Are there opportunities and facilities
You may receive a new computer, television, or cell phone for the holidays. Although it is great to update and experience the benefits of new technology, there are some drawbacks to consider. If you just take electronic products to the landfill, or throw them in your trash can at home, you are wasting valuable recyclables and may increase the potential for hazardous components in the electronics to be released into the environment.
Beyond this simple fact, the equipment also takes up space in the landfill. Remember to purchase rechargeable batteries instead of standard alkaline for toys and gifts. It is important to recycle the rechargeable batteries once they no longer hold a sufficient charge. The majority of electronics contain hazardous materials such as lead, mercury, and cadmium. These materials could seep into the soil at an improperly managed landfill, and eventually end up in our streams and Bay harming aquatic life.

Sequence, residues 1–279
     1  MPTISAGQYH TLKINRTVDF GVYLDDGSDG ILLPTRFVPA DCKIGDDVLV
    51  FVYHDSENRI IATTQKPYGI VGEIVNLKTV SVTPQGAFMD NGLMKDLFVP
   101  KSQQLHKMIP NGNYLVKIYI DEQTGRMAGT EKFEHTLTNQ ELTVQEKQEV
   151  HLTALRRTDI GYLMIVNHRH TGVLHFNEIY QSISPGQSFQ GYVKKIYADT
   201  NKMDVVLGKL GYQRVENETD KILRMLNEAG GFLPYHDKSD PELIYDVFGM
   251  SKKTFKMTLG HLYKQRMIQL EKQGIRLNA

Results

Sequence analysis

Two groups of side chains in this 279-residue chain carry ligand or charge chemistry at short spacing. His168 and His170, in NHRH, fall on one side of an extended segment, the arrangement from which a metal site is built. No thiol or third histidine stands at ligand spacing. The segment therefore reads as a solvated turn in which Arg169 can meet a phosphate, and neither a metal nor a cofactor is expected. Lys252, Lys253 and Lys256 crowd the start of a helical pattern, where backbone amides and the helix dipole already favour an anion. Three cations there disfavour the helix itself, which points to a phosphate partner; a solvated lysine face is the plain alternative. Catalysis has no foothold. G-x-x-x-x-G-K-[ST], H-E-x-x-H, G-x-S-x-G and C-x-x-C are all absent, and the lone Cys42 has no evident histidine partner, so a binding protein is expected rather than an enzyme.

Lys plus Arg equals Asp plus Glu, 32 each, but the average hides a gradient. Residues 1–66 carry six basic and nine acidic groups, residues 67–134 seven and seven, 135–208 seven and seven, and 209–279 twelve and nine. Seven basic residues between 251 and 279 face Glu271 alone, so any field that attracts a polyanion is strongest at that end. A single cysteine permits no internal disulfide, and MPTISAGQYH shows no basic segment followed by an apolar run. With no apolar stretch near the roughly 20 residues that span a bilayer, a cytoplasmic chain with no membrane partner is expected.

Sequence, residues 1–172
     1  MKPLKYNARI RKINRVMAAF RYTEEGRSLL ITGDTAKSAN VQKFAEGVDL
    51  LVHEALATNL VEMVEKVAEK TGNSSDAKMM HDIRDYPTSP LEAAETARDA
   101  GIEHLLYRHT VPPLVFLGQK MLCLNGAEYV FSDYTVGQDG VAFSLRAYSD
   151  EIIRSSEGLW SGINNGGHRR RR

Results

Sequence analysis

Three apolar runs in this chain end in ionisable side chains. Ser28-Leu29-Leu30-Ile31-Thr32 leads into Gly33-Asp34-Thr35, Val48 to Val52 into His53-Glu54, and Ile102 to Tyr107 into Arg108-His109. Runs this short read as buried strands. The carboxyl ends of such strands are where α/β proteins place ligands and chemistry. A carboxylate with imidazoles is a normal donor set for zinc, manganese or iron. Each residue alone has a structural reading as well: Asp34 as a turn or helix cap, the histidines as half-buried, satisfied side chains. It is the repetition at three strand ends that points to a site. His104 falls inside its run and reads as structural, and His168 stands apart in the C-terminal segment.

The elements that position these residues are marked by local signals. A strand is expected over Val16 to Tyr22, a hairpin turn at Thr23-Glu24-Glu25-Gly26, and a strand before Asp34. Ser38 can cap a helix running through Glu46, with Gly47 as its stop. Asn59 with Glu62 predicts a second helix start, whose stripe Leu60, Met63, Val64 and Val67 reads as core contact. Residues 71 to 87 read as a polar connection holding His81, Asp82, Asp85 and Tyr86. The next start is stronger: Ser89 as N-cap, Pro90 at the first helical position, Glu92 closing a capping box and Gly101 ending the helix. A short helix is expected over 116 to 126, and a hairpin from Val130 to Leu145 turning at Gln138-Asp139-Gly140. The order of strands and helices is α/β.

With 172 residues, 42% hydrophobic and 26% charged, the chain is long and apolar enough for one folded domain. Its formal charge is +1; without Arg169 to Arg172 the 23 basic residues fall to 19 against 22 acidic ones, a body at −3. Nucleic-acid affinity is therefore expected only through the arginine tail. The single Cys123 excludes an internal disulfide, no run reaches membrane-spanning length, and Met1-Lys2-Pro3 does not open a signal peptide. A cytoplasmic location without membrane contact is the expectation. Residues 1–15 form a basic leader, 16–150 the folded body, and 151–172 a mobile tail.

Most counties have facilities available to collect your electronic waste. These products are either repaired and reused or broken down into various components (plastic, precious metals and batteries), and then are recycled to make new electronics or other products. This helps reduce the amount of resources that need to be taken from the earth to manufacture new products.
Equipment like computers and cell phones are often refurbished and given to schools and charities. These organizations either use the equipment, or provide it to students learning how to work on and repair these devices.
Learn more about electronics recycling on the Maryland Department of the Environment’s website at: www.mde.state.md.us/ecycling or by contacting Hilary Miller at 410-537-3314 or by email at email@example.com